Newark Before the Riots
Newark, New Jersey, is an industrial city and major commercial port ten miles west of New York City. From the early 1800s through the mid-twentieth century, the city was a successful urban economic center. Between 1900 and 1960, more than 100,000 African Americans looking for economic opportunities and relief from Jim Crow laws moved to Newark from the rural South. At its peak, Newark was home to more than 400,000 residents.
After World War II the Federal Housing Administration guaranteed low-cost mortgages to returning soldiers. However, the FHA redlined nearly all of Newark, sending white soldiers and their families to almost exclusively white suburbs. Between 1950 and 1967, the white population of Newark dropped from 363,000 to 158,000, while the black population tripled, from 70,000 to 220,000.
Despite the enormous reduction of Newark’s white population, positions of property ownership and political power remained in white hands. For example, in 1960, 83 percent of Newark’s police force was white, while 60 percent of its population was black.
In addition to the loss of population, flight meant a loss of financial resources. In a 1966 application for federal aid, 40,000 of Newark’s 136,000 housing units were classified as substandard or dilapidated. The Hughes Commission, a government-appointed independent panel that studied the riot, reported that more than a third of black men ages 16 to 19 were unemployed.
Prior to the uprising in Newark, there had been riots in dozens of U.S. cities. The most famous was in Watts (in Los Angeles) in 1965, but there had also been racial violence in nearby Paterson, Elizabeth, Jersey City and Plainfield in New Jersey and in Harlem.
Newark’s violence began on July 12, 1967, and continued for six days, leaving 26 dead and 1,100 wounded. More than 1,000 citizens were jailed, most without charges or bail. No one was ever indicted or prosecuted for the killings.
Newark After the Riots
In the years immediately following the Newark riots, Mayor Hugh Addonizio and several other city leaders were convicted of corruption and sentenced to prison. Police Director Dominick Spina was indicted for failing to enforce anti-gambling laws, but was acquitted.
In 1970, Newark elected its first black mayor, Kenneth Gibson, along with a strong group of African-American city council members. Despite their efforts, by 1980 the city had lost more than 50,000 residents, including most of what was left of its middle class. Continued cutbacks included more than a quarter of its municipal work force. According to the Urban and Regional Research Center at Princeton University, Newark’s economy grew by only a third of the national urban average.
Since 1986, when Sharpe James, one of the African-American city councilors elected along with Gibson, was elected mayor, Newark’s report card has been mixed. There has been economic development, especially downtown, but construction in this part of the city is not a new phenomenon and has never had much resonance with most Newark residents. New housing has been built with an emphasis on low-rise townhouses rather than 1960’s-style high-rise “housing projects,” but these efforts have done little to alleviate poverty. In 1995 the city’s failing school system was taken over by the state.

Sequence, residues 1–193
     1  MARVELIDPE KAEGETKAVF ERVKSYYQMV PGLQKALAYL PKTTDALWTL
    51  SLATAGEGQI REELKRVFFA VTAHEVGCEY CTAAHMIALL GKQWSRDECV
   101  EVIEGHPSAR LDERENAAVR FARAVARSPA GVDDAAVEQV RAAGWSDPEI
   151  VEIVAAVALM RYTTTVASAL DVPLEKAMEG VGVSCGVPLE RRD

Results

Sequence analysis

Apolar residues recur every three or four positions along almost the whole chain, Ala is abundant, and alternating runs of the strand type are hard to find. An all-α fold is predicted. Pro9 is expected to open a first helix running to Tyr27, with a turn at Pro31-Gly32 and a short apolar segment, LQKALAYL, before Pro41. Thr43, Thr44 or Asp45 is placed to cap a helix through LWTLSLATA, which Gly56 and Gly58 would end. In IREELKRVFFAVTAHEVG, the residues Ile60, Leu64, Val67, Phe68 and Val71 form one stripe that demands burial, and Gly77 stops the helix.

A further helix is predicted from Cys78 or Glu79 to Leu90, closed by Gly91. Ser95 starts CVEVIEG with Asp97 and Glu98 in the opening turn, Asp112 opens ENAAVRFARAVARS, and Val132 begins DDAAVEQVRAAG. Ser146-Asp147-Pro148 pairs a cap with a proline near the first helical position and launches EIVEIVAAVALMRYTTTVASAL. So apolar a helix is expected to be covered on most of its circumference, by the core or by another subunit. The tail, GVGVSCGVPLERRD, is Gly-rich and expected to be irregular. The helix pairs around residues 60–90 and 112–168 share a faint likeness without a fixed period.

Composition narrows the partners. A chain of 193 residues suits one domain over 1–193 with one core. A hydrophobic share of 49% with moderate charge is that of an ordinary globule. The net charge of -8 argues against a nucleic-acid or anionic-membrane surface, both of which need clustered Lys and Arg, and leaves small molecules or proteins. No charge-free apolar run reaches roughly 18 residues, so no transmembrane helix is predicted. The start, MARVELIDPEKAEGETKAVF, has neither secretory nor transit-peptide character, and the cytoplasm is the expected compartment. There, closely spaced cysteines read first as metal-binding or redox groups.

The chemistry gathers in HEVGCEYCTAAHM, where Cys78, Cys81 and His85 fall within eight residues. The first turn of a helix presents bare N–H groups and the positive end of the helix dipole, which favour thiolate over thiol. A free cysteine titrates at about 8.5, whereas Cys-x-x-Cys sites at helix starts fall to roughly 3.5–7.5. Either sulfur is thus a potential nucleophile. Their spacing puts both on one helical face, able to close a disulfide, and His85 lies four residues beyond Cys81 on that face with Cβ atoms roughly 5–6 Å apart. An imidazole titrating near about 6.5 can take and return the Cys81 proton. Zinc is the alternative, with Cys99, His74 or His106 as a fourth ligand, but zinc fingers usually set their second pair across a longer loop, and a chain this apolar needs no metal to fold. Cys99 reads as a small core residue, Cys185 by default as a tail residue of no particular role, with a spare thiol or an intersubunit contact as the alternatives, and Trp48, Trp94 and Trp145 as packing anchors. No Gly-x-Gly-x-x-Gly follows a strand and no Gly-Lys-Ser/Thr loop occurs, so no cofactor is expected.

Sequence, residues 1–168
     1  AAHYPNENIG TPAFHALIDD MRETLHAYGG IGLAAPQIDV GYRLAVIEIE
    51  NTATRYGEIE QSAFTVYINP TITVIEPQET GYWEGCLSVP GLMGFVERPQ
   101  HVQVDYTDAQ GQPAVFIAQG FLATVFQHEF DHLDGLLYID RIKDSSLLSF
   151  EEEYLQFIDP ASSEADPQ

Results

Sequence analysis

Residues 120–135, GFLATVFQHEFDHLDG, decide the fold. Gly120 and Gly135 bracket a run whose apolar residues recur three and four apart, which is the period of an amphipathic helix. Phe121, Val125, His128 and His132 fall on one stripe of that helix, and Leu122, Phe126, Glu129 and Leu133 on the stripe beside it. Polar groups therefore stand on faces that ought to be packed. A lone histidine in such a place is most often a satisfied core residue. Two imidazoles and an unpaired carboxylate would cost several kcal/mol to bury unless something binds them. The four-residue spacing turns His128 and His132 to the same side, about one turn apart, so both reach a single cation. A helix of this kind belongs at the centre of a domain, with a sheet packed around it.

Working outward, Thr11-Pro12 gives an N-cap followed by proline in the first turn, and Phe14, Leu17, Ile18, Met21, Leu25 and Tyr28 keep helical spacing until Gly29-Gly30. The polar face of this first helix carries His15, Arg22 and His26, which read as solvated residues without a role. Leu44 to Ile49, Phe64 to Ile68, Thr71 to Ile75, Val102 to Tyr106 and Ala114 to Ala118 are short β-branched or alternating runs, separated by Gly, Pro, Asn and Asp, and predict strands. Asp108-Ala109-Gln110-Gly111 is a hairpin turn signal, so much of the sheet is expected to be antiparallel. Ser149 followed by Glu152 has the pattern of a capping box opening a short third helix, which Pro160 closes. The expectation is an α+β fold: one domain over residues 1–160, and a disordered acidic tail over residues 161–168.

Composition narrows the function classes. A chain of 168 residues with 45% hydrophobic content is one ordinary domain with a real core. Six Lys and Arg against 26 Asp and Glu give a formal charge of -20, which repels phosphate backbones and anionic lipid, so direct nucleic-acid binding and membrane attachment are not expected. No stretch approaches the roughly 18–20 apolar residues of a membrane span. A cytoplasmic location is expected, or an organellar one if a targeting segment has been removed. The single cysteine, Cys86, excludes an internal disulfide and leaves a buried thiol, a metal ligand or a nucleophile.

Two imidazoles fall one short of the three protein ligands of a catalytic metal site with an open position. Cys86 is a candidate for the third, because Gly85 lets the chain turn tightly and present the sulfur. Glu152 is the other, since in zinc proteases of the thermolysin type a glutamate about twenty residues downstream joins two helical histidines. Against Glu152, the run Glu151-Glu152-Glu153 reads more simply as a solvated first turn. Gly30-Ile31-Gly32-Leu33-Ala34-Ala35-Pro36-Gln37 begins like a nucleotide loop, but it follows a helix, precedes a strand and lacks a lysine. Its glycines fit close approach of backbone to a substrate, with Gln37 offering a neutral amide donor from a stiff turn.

Newark’s population has finally stabilized at approximately 275,000. Just over 25 percent of city residents live below the poverty line, compared with 18.4 percent in 1970. Unemployment hovers around 9 percent, compared with a national rate of 4 to 5 percent. The median income for a household is $26,913, and fewer than 9 percent of adults have a college education.
In 2006, Cory Booker was elected mayor on a reform-focused platform. Some of his actions have been controversial, including an 8.4 percent hike in property taxes designed to close a budget deficit as well as the appointment of a white police director who had worked for the New York Police Department while it faced serious allegations of racist practices.
Despite a 30% reduction in crime, the current homicide rate — there were 105 murders in 2006 — is the highest Newark has seen since 1990. One out of every 800 residents is hit by gunfire each year.
» “Ethnic Succession and Urban Unrest in Newark and Detroit During the Summer of 1967.” (PDF) Max Herman. Cornell Center Publication Series, July 2002, 33.
» “Newark Riots-1967.” Max Herman. Riots-1967. The State University of New Jersey, Rutgers, Newark.
» 2002 American Community Survey Profile: Newark, NJ. Last revised: September 24, 2003.
» “A New Mayor Tests His Promises on Newark’s Harsh Reality,” Andrew Jacobs. The New York Times, October 19, 2006.
» “Crime drops in Newark, but Murders Keep on Rising.” Andrew Jacobs. The New York Times, April 2, 2007.
» “Newark Census.” USA City Link: For any City. 1994.
» “Generational Conflict in Urban Politics: The 2002 Newark Mayoral Election.” Kraus, Jeffrey. The Forum, 2004, Vol. 2: No. 3, Article 7.
» “Newark’s Failing Dream.” Span, Paul. The New York Times. October 2, 1983.
» “N.D. Sociologist Accesses Information on Race Riots from Archives.” Bradford, Ken. South Bend Tribune, December, 16, 2000.
» “Three Deaths Put Newark Murder Rate at Highest in Over a Decade.” Ortega, Ralph and Alexi Friedman. [Newark] Star-Ledger. December 4, 2006.
» U.S. Census Bureau American Community Survey Office. Last revised: Tuesday June 28, 2005.